A tough economic climate has left many households across the UK worried about work, bills, and facing uncertain times.
Parents will spend an average of £442 on Christmas this year, with spending down on last year because of money worries, according to a study published by the
Financial Services Authority
We asked these BBC News website readers about the kind of Christmases that they will be having and what the season means to them.
GEMMA GODIVALA, LEIGHTON BUZZARD
Gemma and her family are looking forward to having goose on Christmas Day
With the exception of one bike and one hamster, I do not remember any childhood Christmas in terms of the gifts I received.
I remember family being together, my dad stuffing the turkey with great ceremony, shivering beside a great gas heater in St Ann's Cathedral, Belfast, listening to a service of nine lessons and carols.
Money does not have to be thrown at Christmas to make it joyous and memorable, and I say this not as a Scrooge, but as a Christmasophile of the highest order.
If our minds and hearts are focussed on what is really important at Christmas time we will not find ourselves overspending. Our children can be drawn into this.
They can get huge enjoyment out of being involved in selecting or making small gifts for each other and for relatives, which will leave much more enduring memories than a big indulgence for them.
JAMES RIGBY, TUNBRIDGE WELLS
James says children do not need expensive games consoles to have fun
I think Christmas is for children and so ours will be getting presents. But it won't be games consoles or overpriced TV branded toys. It will be things that give months of fun and not just a few hours of screaming.
Good books, small magic sets, classic games such as chess and scrabble, and a fun filled Christmas period with just enough food to make it a real celebration. Love for children is not proportional to the money you spend on them.
I was out of work between October 2008 and June 2009 so my situation has been very uncertain.
I managed to find temporary work which was due to end at the end of November but I have been extended until January.
The Rigby household preparing for Christmas
I think for now my work status will be reviewed on a month by month basis so things are very uncertain.
There will be six of us for Christmas. I am spending it with my girlfriend, her two children and my two children, who are all between the ages of six to 11.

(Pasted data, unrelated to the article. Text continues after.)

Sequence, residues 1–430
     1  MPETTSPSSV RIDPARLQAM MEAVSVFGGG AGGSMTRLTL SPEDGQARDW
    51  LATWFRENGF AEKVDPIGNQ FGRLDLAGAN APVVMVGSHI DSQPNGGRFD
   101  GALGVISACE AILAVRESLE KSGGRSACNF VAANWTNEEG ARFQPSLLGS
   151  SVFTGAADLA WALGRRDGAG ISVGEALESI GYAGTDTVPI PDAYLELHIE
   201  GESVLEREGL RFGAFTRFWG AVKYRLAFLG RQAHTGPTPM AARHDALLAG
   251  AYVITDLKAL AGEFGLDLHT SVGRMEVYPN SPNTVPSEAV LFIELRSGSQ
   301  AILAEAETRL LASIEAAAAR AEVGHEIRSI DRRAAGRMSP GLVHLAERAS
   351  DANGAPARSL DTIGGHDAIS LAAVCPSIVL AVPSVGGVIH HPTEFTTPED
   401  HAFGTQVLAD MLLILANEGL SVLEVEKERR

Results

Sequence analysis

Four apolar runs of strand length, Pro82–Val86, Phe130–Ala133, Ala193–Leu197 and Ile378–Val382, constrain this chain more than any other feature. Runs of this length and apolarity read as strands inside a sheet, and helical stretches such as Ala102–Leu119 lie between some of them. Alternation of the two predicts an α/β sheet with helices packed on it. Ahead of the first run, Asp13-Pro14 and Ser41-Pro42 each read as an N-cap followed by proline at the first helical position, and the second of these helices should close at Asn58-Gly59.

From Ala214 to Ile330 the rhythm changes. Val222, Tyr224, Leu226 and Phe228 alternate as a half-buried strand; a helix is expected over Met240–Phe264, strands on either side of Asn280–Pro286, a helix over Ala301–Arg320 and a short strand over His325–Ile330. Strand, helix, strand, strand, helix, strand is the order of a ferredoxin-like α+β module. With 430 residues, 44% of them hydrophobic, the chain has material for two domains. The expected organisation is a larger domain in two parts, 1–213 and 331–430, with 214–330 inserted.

There will be lots of logistics involved on the day. I'll have my kids from the 23rd December to the 28th and this will be our first Christmas all together.
The shopping is all done. The presents are all bought. We are having a standard roast but I am making the Christmas pudding myself. Its Delia Smith's recipe.
ALICE WILKES, BRISTOL
I have just been given notice on my temp contract working as a PA and I will have to look for a new job but I am not going to get stressed about it.
I am planning to get through Christmas as I usually do, working as much as I can and not wasting money on silly presents that will probably gather dust or cards that will just be thrown away.
Instead I am hosting a party for my friends with a "bring a bottle" invite and making all the food myself. I will also be making gifts for friends and family.
I have never had a big Christmas. I was brought up quite poor. Now I hate the fact that what is supposed to be about spending time with the people you care about, always ends up about buying expensive gifts.
Alice is making her own gifts
Mum and I leave all our Christmas food shopping till Christmas Eve and our tradition is to have a last hour of Christmas Eve trip to Waitrose. We get lots of food at half price.
There will be three or four of us on Christmas Day. Me, my boyfriend, my mum, the dog and possibly my old landlady.
The rest of the family will come to visit on Boxing Day for a buffet style meal and it will be all about squashing people in to corners and hoping we have enough chairs.
The last few Christmases have involved driving to Oxford, Cambridge and Portsmouth to visit relatives.
This year it will be a lot more relaxed. I'm not going to do the whistle stop tour of 30 relatives. As much as I love them, I'll see them in January.
MEGAN ROBERTSON, CHESHIRE
We went to Cyprus last Christmas and enjoyed it, so this summer we booked to go again but, completely unexpectedly, I was made redundant. I am going to enjoy my holiday but at the moment I am furiously writing job applications.
My husband and daughter who is 13 will be in Cyprus with me for Christmas. She likes going to Cyprus and enjoys the travelling and the food, and is learning Greek.
We will be there for a week. We're going because we wanted to be somewhere warm and although we are Christians we don't like all the razzamatazz. Who knows, it might become an annual event.
I don't know what we will be having to eat. The apartment we are staying in only has basic cooking facilities.
We don't really buy presents. We don't like to stick to certain days to giving gifts. It's the same with birthdays.
We're not that fussed about the traditional Christmas. I don't much like traditional food. I don't like turkey and I detest mincemeat. I have never gone in for decorations and I don't send cards.
The rest of the season tends to be boring, cold and only offers me a chance to work on my website because there isn't anything else to do.
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